Dr Kerin also asked the Committee and the State “to seek an independent impact analysis on the separation of private practice from the new, publicly funded, free-GP scheme to avoid and limit any unintended consequences that may arise to patients and providers from this separation”.

Separately, the ICGP, the professional and training body for Irish family doctors, has welcomed the publication of the report and its focus on the central role of primary care.

The College warned, however, that whilst free GP care for all is a laudable policy – and one that has broad political support – this policy cannot be delivered without a significant increase in the number of doctors, practice nurses, administrative staff and physical infrastructure in primary care to cope with increased demand.

The World Health Organisation has stated that Ireland is “unique among EU countries in not providing universal coverage of primary care”, added Dr Karena Hanley, National Director of GP Training. “We know that patients ability to pay affects their ability to access diagnostic tests, for detecting cancer, for example.”

“Currently, it is the norm that patients can see their GPs on a same-day basis, and those with medical cards, as well as the under 6s and over 70s, can see their family doctor when they need to,” said Dr Mark Murphy, Chair of Communications with the ICGP. “However, our concern is that free GP care for all could lead to waiting lists for GP appointments if increased capacity is not urgently delivered, and create a two-tier GP system, where only a private GP service could deliver a same-day appointment.”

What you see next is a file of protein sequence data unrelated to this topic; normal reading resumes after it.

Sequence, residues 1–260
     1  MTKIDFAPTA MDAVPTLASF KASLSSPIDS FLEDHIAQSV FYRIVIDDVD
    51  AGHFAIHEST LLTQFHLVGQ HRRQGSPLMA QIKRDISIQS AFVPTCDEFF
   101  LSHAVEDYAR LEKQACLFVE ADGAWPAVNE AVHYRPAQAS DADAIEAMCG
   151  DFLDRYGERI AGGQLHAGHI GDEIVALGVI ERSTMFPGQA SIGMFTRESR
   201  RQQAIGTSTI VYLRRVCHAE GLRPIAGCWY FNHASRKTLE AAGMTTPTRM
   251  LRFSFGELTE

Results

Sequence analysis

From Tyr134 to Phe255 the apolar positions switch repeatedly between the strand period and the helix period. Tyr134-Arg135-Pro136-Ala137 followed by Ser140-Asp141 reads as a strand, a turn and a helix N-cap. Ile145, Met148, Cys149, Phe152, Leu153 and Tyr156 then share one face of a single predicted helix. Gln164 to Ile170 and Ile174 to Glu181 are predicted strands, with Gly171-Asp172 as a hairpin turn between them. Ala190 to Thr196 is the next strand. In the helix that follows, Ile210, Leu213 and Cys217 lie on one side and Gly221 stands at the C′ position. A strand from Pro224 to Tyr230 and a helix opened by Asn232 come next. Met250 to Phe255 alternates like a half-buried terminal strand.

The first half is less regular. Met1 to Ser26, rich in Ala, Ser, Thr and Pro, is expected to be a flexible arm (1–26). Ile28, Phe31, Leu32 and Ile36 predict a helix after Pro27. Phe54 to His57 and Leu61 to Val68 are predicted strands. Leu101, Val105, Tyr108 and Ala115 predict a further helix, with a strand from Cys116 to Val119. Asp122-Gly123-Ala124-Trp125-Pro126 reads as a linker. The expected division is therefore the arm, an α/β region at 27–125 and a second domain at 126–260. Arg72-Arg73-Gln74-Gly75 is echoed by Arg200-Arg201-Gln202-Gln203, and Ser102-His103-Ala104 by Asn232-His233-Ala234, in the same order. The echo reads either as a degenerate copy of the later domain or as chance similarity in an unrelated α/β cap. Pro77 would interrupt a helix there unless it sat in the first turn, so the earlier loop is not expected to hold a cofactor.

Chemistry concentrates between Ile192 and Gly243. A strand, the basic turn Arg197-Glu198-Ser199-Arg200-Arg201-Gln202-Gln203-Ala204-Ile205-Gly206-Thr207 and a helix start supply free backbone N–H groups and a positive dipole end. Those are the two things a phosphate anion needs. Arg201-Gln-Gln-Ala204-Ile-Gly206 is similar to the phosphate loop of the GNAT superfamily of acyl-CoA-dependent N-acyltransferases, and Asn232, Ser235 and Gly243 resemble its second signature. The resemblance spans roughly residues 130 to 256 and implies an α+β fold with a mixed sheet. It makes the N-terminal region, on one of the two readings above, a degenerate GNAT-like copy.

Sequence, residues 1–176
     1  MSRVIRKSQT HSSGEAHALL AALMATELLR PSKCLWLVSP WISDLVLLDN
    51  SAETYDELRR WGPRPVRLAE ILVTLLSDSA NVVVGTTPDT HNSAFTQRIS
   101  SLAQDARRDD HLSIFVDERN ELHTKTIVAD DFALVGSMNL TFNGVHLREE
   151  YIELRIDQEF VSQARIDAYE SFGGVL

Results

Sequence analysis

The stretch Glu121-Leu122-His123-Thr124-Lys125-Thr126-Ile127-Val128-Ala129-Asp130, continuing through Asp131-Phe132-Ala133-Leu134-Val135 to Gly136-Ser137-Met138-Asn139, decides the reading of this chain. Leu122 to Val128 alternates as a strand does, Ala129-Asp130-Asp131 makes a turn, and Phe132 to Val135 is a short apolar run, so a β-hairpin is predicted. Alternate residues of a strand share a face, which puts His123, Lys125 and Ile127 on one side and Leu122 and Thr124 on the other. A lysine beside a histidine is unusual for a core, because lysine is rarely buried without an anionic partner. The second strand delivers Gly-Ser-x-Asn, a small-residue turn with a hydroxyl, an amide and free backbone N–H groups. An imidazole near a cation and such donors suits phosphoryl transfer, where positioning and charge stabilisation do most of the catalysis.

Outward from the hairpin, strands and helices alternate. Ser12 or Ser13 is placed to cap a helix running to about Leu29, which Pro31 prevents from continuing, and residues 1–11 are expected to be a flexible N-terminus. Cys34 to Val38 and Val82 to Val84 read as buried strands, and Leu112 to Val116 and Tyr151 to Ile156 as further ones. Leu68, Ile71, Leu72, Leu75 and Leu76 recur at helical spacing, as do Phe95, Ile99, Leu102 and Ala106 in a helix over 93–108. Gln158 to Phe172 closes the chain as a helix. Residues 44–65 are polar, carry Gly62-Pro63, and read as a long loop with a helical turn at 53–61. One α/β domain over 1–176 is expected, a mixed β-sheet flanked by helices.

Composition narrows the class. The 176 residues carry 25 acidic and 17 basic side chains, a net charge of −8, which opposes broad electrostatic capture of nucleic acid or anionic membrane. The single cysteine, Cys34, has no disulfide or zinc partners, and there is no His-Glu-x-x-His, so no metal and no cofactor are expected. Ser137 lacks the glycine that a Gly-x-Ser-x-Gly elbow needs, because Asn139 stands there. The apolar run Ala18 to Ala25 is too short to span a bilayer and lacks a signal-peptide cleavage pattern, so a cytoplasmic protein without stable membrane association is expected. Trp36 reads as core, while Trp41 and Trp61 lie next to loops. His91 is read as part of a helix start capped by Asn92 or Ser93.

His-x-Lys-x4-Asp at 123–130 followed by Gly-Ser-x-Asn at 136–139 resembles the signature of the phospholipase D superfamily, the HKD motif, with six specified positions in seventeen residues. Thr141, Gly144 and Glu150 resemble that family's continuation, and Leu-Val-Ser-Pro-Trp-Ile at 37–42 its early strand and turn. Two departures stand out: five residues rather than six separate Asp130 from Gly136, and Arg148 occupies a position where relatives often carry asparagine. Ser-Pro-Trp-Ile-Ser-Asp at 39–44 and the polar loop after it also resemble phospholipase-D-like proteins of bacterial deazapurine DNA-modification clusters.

“The Government needs to understand that we are already experiencing difficulties in filling training places for family doctors, and that some medical card lists cannot be filled; getting a locum (replacement) doctor to enable holidays or sick leave is also a problem for many practices,” added Dr Murphy. “We need to make General Practice a more attractive option for younger doctors, and ensure that set-up costs and barriers to establishing new practices are removed.”